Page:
Why do I love flipouts? Mainly because sports aren’t that important (unless they’re your livelihood), yet it’s the only place we find these kinds of meltdowns. But also because, for once, even if these guys say the dumbest things in the world, at least they’re saying what’s on their mind instead of spitting out Crash Davis’s standard interview cliches.
Maybe my favorite cliche is the one that all started with “Manny being Manny.” You’re not saying anything that’ll end up getting blared all over every media outlet everywhere. In fact, you’re not saying anything at all. If he’s not Manny, then who is he? But at the same time, you’re saying everything. Example: it’s been said, “That’s just Brett being Brett,” in a tone that makes you think they’re saying, “He’s a gunslinger! He’s just a fun-loving kid out there! He’s kooky! We love him!” In reality, they’re usually saying, “This guy is an idiot and we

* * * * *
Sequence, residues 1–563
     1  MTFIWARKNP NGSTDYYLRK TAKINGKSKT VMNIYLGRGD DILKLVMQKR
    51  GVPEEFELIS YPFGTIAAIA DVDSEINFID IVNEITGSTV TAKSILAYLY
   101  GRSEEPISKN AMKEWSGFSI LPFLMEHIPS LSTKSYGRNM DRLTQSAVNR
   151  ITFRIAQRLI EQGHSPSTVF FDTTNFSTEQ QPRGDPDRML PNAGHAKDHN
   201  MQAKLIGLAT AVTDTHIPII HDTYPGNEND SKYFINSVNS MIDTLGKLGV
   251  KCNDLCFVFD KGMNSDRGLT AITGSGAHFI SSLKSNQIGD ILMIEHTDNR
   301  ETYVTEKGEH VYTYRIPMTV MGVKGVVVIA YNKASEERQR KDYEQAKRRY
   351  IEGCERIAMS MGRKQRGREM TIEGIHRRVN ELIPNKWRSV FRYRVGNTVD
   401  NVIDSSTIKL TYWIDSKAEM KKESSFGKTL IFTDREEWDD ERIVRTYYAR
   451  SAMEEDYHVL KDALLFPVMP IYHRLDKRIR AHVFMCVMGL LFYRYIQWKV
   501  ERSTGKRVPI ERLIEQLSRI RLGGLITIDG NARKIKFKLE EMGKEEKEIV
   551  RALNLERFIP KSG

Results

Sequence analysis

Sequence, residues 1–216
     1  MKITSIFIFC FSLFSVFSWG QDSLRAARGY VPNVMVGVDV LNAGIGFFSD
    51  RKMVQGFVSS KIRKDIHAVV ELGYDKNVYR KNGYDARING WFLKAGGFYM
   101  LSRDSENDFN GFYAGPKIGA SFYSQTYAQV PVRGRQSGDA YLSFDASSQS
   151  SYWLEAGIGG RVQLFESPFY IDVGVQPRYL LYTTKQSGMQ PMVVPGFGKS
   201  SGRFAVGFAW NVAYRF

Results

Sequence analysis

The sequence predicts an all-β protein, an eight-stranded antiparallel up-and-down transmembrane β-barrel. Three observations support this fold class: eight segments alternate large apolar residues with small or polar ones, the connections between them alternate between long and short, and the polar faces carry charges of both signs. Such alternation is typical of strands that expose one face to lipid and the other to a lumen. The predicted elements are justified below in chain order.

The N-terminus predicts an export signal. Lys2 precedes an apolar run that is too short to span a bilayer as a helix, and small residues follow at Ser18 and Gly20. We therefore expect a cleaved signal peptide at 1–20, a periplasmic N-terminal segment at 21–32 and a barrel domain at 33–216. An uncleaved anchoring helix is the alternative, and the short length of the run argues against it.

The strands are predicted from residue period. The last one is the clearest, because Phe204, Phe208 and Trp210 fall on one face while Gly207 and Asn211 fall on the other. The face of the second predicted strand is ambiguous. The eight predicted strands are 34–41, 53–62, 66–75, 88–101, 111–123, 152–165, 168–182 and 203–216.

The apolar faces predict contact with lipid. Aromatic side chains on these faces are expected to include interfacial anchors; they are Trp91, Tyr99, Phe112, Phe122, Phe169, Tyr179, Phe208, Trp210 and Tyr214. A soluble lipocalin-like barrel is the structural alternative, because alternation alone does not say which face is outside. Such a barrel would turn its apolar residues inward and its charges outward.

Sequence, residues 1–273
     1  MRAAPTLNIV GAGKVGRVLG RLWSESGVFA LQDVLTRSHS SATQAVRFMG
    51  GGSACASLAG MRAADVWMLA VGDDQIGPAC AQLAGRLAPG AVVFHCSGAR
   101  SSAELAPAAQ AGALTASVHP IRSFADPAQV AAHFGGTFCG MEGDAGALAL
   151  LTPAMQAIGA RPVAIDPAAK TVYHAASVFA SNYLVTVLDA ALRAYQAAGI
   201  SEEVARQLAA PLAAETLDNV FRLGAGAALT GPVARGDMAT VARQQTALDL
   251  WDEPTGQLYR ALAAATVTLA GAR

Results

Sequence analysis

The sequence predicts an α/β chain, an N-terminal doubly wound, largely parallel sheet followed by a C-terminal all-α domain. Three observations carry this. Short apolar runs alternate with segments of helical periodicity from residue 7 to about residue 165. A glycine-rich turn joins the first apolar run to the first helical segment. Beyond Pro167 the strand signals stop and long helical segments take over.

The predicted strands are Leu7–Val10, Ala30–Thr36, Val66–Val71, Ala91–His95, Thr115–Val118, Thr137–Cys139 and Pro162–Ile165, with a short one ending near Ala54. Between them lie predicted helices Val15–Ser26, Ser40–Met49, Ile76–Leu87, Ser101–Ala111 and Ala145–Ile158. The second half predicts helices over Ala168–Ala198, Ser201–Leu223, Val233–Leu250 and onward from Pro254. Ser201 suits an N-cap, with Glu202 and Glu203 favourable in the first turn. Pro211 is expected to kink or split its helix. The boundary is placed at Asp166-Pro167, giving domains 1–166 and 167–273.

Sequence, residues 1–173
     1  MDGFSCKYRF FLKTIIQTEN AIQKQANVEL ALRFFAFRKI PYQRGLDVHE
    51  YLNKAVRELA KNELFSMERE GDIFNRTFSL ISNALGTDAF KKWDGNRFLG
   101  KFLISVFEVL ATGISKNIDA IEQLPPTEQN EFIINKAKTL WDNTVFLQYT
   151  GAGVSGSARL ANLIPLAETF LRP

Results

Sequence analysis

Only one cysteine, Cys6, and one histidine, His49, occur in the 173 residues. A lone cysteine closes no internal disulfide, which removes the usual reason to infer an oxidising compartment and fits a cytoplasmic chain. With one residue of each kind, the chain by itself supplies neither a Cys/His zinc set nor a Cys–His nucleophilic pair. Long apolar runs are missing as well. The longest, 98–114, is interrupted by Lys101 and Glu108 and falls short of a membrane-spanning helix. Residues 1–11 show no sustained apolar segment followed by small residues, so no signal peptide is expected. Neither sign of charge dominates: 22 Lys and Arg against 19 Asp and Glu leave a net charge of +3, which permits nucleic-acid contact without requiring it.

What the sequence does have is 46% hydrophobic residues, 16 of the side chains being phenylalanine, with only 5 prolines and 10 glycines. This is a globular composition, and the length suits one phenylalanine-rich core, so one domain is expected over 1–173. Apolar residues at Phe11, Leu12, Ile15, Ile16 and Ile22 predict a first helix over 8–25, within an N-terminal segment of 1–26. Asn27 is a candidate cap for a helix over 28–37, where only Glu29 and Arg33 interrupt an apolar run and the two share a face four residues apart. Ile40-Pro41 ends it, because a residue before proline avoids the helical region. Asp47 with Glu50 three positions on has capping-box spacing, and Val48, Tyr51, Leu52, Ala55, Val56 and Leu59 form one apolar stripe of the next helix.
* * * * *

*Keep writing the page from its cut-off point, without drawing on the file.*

can’t stand his tired act, but he’s OUR idiot and we deal with him because we can’t win
without him.” If anybody uses this phrase toward you, assume you’re no longer friends.
- Miguel Tejada is going to get paid somewhere in the neighborhood of $6.5 million to play baseball next year. Do you think he’s as surprised as everyone else that he got that much?
- The Rangers’ Top 10 prospects list is up on Baseball America.
- Somebody thinks LeBron is a lost cause. Dooooooyyyy.
- Read this about being a Cleveland sports fan. I dare you.
- I forgot my cell phone at home today. Just didn’t think to put it in my pocket before I left. And it isn’t the end of the world. It’s like 1999 with way faster internet and less Ricky Martin. Which, all things considered, isn’t that bad.
Musical guest… Ben Harper!